Bell Helicopter is coming to Paris 2013 as the jewel in parent company Textron's crown. A far cry from even just a few years ago when the helicopter market was in the doldrums, business jets were all the rage and Cessna was the prize in the multi-industrial's portfolio.
Now, according to analysts at Bank of America Merrill Lynch, Bell accounts for 65% of Textron's total backlog versus Cessna with just 9%. Textron Systems, which makes precision weapons, armored vehicles and unmanned aircraft, accounts for the other 26%.
The turnaround is down to the rebound in the commercial-helicopter market and two healthy military-rotorcraft programs, the Bell AH-1Z/UH-1Y and Bell Boeing V-22 tiltrotor. The military aircraft won't be at the show - although both programs are hotly pursuing export orders to sustain production - but Bell will demo the commercial 407GX turbine single and 429 light turbine twin.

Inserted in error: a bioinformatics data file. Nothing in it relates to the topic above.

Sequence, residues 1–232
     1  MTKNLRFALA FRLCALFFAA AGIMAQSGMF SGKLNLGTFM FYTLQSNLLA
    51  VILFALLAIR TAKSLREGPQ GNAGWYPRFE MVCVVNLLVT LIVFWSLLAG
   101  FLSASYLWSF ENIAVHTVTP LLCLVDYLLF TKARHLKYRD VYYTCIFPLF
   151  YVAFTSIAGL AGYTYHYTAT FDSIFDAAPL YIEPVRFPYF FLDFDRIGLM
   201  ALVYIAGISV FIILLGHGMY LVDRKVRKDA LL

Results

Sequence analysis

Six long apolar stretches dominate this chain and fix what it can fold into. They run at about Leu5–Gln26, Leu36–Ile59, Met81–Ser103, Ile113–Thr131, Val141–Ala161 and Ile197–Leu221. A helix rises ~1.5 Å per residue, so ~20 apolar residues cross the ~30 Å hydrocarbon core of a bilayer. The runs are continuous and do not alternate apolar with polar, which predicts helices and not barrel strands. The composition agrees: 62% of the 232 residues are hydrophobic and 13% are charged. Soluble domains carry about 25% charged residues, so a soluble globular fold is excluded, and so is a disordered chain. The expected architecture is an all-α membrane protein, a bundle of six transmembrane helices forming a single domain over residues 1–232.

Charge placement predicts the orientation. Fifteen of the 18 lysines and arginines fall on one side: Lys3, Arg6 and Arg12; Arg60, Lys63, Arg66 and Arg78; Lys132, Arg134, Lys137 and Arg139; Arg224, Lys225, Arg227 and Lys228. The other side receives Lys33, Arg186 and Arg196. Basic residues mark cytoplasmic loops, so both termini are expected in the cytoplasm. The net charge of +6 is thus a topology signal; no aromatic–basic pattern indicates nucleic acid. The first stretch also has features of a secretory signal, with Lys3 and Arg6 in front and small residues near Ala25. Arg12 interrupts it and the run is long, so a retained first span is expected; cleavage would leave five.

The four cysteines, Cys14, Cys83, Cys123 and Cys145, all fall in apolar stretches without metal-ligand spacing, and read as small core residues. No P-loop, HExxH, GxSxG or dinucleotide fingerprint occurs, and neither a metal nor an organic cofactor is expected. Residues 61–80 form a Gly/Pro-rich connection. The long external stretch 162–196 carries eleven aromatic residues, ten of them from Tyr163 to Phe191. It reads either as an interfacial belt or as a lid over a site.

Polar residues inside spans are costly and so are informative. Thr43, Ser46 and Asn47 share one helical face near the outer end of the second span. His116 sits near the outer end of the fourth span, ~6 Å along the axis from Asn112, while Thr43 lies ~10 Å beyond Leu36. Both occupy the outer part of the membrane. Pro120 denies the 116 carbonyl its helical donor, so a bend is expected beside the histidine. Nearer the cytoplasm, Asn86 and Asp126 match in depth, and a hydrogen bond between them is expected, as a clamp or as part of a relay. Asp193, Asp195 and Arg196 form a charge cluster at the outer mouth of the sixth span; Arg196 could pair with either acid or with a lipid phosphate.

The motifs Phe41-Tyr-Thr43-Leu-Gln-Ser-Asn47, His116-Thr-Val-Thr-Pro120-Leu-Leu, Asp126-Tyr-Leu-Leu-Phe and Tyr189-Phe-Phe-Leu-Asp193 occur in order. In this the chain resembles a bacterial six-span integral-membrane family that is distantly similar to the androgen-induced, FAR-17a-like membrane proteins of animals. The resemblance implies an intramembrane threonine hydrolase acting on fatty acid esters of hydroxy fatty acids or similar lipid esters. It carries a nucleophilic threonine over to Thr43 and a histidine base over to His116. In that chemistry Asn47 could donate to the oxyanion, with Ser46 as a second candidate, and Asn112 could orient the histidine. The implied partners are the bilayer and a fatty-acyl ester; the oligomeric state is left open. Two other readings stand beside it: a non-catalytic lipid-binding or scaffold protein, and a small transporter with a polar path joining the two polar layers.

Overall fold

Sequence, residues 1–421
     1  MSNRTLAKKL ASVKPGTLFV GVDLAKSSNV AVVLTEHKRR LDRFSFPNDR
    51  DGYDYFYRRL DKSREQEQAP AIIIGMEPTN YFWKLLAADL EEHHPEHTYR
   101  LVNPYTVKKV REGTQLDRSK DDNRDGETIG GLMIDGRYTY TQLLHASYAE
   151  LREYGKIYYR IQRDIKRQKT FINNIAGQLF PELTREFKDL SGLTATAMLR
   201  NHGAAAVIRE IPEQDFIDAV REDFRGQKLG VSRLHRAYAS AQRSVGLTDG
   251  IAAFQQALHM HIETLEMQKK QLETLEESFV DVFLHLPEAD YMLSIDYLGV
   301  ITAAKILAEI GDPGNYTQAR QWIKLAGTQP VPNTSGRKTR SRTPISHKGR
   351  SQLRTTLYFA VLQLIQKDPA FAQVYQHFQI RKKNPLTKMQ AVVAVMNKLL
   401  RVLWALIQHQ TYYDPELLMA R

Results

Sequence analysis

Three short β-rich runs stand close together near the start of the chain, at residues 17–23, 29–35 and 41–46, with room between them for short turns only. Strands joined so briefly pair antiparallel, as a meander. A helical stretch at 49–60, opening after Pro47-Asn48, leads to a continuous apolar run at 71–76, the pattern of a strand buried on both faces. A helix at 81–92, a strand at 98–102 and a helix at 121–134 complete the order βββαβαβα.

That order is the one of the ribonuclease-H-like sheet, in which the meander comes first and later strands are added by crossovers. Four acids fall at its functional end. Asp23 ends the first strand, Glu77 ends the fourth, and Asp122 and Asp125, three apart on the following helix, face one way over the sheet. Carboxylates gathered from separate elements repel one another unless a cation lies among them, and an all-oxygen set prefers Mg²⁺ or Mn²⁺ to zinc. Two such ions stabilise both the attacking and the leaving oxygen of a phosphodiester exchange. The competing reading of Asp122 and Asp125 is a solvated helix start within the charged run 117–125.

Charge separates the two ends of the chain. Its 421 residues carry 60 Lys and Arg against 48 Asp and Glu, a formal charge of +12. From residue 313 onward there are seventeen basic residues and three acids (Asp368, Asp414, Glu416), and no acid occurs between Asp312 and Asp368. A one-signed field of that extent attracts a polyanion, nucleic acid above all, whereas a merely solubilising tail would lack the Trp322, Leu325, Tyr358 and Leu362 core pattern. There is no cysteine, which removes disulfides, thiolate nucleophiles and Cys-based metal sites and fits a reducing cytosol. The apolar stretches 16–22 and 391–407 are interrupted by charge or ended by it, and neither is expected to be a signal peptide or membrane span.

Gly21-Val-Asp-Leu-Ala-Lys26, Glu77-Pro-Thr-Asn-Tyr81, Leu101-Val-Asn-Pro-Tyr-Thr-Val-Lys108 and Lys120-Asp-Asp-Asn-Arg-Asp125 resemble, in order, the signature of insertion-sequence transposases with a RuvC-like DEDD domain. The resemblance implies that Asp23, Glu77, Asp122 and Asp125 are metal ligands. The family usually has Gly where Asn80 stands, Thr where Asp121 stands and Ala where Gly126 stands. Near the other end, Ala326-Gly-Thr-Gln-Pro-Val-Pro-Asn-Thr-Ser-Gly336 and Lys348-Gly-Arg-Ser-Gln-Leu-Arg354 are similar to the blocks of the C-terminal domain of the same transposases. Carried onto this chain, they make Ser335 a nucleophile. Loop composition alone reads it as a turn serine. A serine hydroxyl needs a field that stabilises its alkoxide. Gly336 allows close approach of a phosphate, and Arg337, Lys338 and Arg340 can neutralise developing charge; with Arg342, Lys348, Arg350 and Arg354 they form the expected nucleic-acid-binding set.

Photo: Bell Helicopter
While the 407GX and an Air Zermatt EMS-configured 429 provide demo flights throughout the show, Bell will display the 407GT armed version (above) of the GX on its stand. The company will also feature a flight simulator for its 525 Relentless and provide a progress update on the new medium twin, set to fly in 2014. And look for more detail on the V-280 Valor "third-generation" tiltrotor demonstrator Bell plans to build for the US Army.
It is hard to underplay the significance of the 525 to Bell's plans to grow its commercial business by getting back into the lucrative offshore-support market with a new medium twin. As the Merrill Lynch report points outs, light helos accounted for 56% of Bell's deliveries last quarter. From 2015, having a medium twin will dramatically boost commercial revenues at a time when H-1 and V-22 production could be coming down.